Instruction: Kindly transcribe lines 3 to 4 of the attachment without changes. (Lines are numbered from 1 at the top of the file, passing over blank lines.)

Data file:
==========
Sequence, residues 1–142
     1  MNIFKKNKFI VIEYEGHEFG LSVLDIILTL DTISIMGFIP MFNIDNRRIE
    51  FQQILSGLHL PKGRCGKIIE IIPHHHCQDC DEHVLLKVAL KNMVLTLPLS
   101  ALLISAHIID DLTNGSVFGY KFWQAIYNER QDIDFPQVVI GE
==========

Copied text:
    51  FQQILSGLHL PKGRCGKIIE IIPHHHCQDC DEHVLLKVAL KNMVLTLPLS
   101  ALLISAHIID DLTNGSVFGY KFWQAIYNER QDIDFPQVVI GE